In its cooperation with the FBI's Joint Terrorism Task Force (JTTF), the SFPD has potentially been misleading the public for years about its own violations of local law with regard to the investigation of "First Amendment activities," including those relating to religion and political affiliation.
The revelation comes via a white paper written by the FBI and sent to the SFPD in late 2016 and obtained by The Intercept, which sought to help sort out the conflicts SFPD officers were finding between following department procedure and complying with federal law in aiding in FBI investigations. As part of their work with the JTTF, officers were at times exposed to classified information that they were not permitted to share with anyone, including their supervisors. And as the white paper discusses, in obeying federal law in these cases, SFPD officers were disobeying their own department regulations about reporting their work to supervisors.
Some of this work, as the paper discusses, violates city law — in particular a 2012 ordinance that restricts SFPD officers from cooperating in federal investigations that infringe on basic civil liberties. And information in the white paper, which was apparently written by legal counsel on behalf of the San Francisco FBI office, suggests that the SFPD has potentially been violating that 2012 ordinance repeatedly in the years since. "The problems presented by these issues have recurred every year since 2013 driven predominantly by the annual SFPD report [to the Office of Citizen Complaints]," the white paper states.
Mission Local appears to have also been chasing down this white paper, which the Asian Law Caucus, the Council on Islamic-American Relations of California, and PolicyLink jointly sued the SFPD over in June, seeking to get it released. As they report, all three groups as well as the ACLU have been concerned that the SFPD has been misleading the public about potential violations of local law with regard to its cooperation with the JTTF. Not only are there implications for immigrants — getting flagged in a federal database via the FBI, for any reason, can lead to ICE finding new undocumented individuals to target — but there are implications for activists, Muslims, and people of color as well.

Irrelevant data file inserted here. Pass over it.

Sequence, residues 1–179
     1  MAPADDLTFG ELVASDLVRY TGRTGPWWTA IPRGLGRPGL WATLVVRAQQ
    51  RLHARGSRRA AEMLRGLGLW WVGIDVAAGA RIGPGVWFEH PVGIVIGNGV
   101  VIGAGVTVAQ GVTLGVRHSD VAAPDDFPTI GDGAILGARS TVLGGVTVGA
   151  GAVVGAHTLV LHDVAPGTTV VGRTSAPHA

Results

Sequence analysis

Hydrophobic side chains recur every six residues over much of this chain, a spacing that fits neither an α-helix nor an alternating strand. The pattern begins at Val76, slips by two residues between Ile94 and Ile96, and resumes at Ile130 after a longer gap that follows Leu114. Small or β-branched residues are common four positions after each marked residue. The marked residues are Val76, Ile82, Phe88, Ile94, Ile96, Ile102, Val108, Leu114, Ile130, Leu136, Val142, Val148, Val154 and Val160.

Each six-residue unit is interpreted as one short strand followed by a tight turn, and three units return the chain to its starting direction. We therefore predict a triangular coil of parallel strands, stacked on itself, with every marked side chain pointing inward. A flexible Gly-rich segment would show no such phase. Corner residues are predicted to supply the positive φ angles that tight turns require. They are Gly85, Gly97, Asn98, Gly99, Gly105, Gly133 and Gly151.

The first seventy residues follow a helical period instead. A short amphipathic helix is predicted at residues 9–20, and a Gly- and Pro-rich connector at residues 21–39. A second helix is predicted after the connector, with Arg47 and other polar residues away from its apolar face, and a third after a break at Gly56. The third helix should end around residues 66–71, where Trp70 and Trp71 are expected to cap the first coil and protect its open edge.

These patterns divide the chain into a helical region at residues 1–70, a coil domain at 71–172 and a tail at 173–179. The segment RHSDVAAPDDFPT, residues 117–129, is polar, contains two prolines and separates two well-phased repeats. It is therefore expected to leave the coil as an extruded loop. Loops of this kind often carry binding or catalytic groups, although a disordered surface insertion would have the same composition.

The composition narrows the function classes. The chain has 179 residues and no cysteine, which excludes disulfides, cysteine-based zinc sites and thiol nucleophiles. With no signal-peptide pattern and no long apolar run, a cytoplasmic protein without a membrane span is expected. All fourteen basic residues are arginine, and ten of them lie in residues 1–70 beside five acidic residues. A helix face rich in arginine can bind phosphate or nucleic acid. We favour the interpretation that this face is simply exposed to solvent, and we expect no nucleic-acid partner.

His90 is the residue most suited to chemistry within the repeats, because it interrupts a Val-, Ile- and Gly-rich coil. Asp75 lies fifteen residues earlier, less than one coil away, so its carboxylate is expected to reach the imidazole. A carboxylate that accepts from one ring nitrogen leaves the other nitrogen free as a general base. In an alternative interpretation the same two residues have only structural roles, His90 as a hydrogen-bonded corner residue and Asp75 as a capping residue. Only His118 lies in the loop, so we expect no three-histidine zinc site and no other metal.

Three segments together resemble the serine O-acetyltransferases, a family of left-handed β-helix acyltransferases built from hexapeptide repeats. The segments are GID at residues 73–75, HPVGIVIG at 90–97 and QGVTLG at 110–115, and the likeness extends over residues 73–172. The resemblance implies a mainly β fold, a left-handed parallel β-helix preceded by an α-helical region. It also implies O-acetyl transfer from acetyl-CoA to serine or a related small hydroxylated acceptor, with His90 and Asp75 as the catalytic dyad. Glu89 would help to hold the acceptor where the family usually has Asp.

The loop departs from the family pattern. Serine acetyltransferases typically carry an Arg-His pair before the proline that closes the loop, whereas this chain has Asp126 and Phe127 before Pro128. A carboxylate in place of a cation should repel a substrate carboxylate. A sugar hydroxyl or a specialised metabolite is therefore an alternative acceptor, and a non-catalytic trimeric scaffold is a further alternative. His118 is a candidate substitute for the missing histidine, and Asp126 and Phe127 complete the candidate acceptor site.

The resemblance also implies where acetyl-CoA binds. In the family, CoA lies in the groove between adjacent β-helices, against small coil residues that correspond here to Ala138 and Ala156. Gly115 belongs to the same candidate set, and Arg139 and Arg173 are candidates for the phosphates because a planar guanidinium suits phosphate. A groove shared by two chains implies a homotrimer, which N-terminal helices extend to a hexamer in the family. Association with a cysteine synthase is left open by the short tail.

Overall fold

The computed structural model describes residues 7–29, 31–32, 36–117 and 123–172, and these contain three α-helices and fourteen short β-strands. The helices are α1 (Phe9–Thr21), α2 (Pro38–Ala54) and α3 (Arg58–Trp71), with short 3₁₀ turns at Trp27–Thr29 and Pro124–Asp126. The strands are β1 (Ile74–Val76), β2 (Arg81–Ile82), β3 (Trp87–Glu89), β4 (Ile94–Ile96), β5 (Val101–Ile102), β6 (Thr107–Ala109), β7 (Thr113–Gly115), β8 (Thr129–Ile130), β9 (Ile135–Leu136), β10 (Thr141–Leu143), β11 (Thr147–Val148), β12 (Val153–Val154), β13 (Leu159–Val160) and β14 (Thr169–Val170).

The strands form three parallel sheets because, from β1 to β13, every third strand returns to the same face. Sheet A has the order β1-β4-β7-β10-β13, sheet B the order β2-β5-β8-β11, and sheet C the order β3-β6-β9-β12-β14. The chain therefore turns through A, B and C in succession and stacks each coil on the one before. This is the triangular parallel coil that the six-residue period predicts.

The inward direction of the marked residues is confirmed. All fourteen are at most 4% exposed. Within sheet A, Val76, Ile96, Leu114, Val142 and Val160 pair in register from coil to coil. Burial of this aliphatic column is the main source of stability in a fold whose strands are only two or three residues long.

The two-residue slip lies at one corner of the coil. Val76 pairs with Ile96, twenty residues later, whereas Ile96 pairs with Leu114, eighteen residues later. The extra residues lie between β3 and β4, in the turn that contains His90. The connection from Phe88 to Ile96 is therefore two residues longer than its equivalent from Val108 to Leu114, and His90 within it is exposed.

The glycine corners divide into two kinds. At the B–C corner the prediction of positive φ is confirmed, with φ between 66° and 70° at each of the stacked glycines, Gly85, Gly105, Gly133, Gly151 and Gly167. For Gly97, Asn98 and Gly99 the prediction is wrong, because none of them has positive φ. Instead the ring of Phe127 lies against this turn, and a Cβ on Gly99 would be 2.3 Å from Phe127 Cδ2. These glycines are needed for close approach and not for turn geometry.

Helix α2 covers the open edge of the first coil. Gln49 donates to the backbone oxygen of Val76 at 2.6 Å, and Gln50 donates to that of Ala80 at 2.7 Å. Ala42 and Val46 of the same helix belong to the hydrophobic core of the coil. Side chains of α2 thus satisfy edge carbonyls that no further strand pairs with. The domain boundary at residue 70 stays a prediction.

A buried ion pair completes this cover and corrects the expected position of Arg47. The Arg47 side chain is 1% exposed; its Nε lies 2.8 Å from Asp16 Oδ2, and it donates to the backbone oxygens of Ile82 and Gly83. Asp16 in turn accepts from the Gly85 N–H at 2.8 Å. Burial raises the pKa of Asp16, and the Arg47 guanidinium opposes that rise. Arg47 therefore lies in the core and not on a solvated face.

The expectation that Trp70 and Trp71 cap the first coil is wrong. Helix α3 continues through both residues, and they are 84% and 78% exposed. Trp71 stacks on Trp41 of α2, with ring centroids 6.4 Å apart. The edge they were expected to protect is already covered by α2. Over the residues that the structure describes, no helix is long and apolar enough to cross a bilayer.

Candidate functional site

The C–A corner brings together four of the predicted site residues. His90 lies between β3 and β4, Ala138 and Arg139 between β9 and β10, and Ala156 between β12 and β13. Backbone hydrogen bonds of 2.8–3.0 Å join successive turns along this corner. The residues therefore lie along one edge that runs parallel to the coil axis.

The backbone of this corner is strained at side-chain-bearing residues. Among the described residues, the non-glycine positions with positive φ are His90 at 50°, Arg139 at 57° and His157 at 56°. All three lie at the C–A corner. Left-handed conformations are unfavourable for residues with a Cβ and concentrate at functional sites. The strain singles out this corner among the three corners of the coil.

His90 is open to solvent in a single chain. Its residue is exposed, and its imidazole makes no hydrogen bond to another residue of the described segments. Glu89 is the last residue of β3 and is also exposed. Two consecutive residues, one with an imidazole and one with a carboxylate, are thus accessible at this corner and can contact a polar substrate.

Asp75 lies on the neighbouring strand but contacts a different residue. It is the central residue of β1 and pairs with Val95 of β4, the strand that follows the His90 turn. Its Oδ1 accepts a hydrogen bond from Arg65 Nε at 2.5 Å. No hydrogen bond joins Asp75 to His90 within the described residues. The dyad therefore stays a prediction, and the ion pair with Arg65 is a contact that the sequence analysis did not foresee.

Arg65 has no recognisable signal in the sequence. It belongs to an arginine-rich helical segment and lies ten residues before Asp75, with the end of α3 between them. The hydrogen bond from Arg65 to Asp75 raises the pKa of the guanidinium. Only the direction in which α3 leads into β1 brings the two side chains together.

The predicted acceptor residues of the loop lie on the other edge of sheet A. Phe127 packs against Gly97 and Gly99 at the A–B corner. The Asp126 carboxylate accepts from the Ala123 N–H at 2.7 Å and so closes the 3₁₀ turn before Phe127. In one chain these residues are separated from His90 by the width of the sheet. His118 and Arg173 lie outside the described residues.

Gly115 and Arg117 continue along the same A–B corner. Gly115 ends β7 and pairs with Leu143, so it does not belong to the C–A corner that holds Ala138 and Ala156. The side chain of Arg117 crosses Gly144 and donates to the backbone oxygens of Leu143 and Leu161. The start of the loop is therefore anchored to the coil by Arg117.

Retired ACLU attorney John Crew tells Mission Local, after reviewing the white paper, "The core fiction promoted by the SFPD and the FBI had been that the FBI would never assign SFPD officers to … matters that would violate department policy when, in fact, the opposite was true."
An SFPD spokesperson, David Stevenson, tells The Intercept that the department only learned of the white paper in July 2017, despite the feds saying they sent it in December 2016. And in an emailed statement, Stevenson said that the department "stands by” its compliance reports that stated that none of the almost 120 investigative activities that SFPD officers took part in as part of the JTTF between 2014 through 2016 would have required written approval from department leadership. Under the 2012 law, any investigative work that touched on "First Amendment activities" would have required such approval, and the FBI white paper admits that most of the assignments SFPD officers received from the JTTF "involve on some level the exercise of First Amendment activities."